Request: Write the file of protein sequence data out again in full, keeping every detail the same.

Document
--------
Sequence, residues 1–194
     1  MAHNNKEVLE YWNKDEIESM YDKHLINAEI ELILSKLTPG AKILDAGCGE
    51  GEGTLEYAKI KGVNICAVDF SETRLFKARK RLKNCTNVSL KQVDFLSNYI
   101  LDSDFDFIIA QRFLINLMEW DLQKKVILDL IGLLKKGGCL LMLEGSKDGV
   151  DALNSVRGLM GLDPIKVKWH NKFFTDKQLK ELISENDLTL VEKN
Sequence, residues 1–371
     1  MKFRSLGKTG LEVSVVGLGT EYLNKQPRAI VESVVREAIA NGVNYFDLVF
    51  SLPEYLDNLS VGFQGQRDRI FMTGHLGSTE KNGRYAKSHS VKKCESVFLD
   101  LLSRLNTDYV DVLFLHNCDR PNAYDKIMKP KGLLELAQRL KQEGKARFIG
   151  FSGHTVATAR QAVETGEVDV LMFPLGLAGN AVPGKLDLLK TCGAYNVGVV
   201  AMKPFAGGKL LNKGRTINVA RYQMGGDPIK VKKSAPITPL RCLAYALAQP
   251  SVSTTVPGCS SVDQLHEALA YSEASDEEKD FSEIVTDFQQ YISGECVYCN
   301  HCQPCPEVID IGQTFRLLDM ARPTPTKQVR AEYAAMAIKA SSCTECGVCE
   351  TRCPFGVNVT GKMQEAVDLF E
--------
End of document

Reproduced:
Sequence, residues 1–194
     1  MAHNNKEVLE YWNKDEIESM YDKHLINAEI ELILSKLTPG AKILDAGCGE
    51  GEGTLEYAKI KGVNICAVDF SETRLFKARK RLKNCTNVSL KQVDFLSNYI
   101  LDSDFDFIIA QRFLINLMEW DLQKKVILDL IGLLKKGGCL LMLEGSKDGV
   151  DALNSVRGLM GLDPIKVKWH NKFFTDKQLK ELISENDLTL VEKN
Sequence, residues 1–371
     1  MKFRSLGKTG LEVSVVGLGT EYLNKQPRAI VESVVREAIA NGVNYFDLVF
    51  SLPEYLDNLS VGFQGQRDRI FMTGHLGSTE KNGRYAKSHS VKKCESVFLD
   101  LLSRLNTDYV DVLFLHNCDR PNAYDKIMKP KGLLELAQRL KQEGKARFIG
   151  FSGHTVATAR QAVETGEVDV LMFPLGLAGN AVPGKLDLLK TCGAYNVGVV
   201  AMKPFAGGKL LNKGRTINVA RYQMGGDPIK VKKSAPITPL RCLAYALAQP
   251  SVSTTVPGCS SVDQLHEALA YSEASDEEKD FSEIVTDFQQ YISGECVYCN
   301  HCQPCPEVID IGQTFRLLDM ARPTPTKQVR AEYAAMAIKA SSCTECGVCE
   351  TRCPFGVNVT GKMQEAVDLF E